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Thursday, October 23, 2014

Tuesday, January 22, 2013
Sports

Citycell 2nd SABA Championship

'Happy to have contributed'

Mithun Kumar Biswas wore a broad grin on his boyish face as his name was announced as the best player of the Citycell 2nd SABA Championship. He celebrated with his teammates for a while and held the small trophy and kissed the medal as photographers thronged. But the smile suddenly disappeared as soon as he was asked the amount of the prize money.

He said 'nothing' with a rueful grin. “There is no prize money for the player-of-the-tournament,” said Mithun. “But I'm happy nonetheless for becoming the best player in an international tournament and happy to have contributed to the success,” the 24-year old boy from Pabna smiled again.

“I was a student of BKSP from 2004 to 2008. I was originally interested in football, but due to my height I was chosen for the basketball team. Now I love playing the game. But sometimes I do feel that if I was a cricketer or a football star, many people would've known me, now very few people do,” reflected Mithun, alluding to the fact that basketball, one of the most popular sports around the world, is struggling due to a lack of funds here.

Mithun's feelings were shared somewhat by Bangladesh Basketball Federation (BBF) general secretary AK Sarker. Happy as he was about Bangladesh's success, he was ruing the fact that they don't have a gymnasium or a dormitory to accommodate the players -- even the gallery was not good enough for spectators to enjoy. “If we had a gymnasium here and a dormitory where we could accommodate players, things would have been a lot easier for us. We could have had camps around the year. The gallery itself is faulty too and not very spectator-friendly,” said Sarker. “But now we are looking forward to hosting domestic tournaments as well as international ones to keep the players in the game. We will be hosting the South Asian U16 Championship in June-July this year,” informed Sarker.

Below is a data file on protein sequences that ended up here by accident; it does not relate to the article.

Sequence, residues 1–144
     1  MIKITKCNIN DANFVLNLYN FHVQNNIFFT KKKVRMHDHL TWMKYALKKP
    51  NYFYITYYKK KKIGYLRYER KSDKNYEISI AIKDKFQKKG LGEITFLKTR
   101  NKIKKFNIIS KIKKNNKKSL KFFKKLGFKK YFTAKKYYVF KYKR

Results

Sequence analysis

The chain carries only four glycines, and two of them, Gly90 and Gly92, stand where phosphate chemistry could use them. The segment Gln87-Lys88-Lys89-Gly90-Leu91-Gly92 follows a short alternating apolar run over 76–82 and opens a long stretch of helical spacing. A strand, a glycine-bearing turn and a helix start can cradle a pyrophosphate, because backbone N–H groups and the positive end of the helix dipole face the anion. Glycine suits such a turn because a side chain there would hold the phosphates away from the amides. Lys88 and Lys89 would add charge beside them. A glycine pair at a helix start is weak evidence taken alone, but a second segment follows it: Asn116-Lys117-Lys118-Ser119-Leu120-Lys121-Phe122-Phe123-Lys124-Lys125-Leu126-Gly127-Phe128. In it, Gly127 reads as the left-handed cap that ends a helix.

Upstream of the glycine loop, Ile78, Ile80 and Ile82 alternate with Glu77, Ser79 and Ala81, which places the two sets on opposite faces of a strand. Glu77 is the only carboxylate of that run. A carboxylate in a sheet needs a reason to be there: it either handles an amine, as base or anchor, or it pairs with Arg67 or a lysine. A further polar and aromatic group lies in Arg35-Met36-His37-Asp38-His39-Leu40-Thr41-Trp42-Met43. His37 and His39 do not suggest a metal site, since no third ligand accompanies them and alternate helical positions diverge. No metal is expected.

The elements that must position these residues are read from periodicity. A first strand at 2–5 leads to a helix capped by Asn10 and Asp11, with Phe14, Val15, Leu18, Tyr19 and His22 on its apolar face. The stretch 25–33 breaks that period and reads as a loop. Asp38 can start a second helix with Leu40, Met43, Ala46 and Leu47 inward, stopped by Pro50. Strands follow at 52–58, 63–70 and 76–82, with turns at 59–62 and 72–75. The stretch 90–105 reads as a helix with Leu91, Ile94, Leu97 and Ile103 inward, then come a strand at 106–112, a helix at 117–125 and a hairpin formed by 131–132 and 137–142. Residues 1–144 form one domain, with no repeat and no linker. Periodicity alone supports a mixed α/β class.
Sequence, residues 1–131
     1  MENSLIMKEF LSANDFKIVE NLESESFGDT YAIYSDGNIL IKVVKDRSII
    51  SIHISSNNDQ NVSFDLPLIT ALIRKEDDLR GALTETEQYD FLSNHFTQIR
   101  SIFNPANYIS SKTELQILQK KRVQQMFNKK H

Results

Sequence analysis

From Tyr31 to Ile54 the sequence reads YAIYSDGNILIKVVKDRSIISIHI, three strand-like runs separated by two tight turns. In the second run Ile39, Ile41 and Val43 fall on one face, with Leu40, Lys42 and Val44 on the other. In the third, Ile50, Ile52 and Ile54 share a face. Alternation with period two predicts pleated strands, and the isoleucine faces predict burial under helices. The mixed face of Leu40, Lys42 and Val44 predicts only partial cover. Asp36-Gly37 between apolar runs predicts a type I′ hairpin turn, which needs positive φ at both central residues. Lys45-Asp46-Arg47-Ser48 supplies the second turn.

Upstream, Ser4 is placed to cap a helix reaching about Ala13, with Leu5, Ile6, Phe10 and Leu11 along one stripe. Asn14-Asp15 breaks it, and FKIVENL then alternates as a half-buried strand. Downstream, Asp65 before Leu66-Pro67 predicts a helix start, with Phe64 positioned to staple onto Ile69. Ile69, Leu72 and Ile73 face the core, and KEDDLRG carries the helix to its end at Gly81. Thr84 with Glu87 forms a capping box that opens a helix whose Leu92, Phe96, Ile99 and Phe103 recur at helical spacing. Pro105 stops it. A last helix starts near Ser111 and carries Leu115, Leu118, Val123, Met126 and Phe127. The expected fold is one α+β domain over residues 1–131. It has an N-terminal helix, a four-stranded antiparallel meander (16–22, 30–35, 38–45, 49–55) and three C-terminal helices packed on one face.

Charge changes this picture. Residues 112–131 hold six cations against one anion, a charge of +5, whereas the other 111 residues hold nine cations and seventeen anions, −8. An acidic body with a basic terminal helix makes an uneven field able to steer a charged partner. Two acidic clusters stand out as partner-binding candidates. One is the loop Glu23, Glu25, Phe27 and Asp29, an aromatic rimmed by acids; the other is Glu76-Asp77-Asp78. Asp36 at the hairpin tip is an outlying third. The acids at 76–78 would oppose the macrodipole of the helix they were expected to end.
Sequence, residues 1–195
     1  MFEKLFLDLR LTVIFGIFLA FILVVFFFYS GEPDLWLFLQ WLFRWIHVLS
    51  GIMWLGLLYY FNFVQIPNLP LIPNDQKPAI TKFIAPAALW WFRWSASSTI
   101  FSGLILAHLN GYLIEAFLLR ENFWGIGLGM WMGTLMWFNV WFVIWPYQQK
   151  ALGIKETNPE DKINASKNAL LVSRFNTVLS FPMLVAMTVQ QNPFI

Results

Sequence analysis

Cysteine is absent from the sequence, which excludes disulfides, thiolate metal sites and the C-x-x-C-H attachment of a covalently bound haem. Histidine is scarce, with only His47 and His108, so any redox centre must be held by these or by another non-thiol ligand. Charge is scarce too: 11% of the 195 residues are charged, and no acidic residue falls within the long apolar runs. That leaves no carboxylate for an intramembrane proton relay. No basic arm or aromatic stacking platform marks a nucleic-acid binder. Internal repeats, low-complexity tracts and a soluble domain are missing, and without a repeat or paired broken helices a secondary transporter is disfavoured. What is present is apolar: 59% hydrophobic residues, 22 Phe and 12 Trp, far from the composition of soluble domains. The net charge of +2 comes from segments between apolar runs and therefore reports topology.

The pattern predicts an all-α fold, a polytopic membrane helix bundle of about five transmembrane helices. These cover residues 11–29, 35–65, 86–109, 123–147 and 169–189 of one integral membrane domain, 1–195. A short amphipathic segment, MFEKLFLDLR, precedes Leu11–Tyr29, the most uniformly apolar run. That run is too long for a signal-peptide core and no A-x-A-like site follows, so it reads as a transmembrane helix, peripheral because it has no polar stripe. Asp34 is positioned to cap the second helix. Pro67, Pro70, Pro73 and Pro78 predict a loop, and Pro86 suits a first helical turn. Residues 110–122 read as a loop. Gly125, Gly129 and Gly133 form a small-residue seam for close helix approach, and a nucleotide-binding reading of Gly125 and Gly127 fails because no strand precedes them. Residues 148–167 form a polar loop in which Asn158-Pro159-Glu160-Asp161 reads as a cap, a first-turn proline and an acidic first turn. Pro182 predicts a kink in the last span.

“But for all that we need more corporate involvement as well as the government's assistance, which will make the sport a lucrative one and keep the players in the game.” The general secretary was looking for some assistance, in the form of technical support, from FIBA-Asia whose president Sheikh Saud Bin Ali Al-Thani was present here yesterday. “We don't give any monetary assistance to any member federations but we will be running coaching clinics for coaches, referees, and administrators which will help your basketball,” promised Thani.

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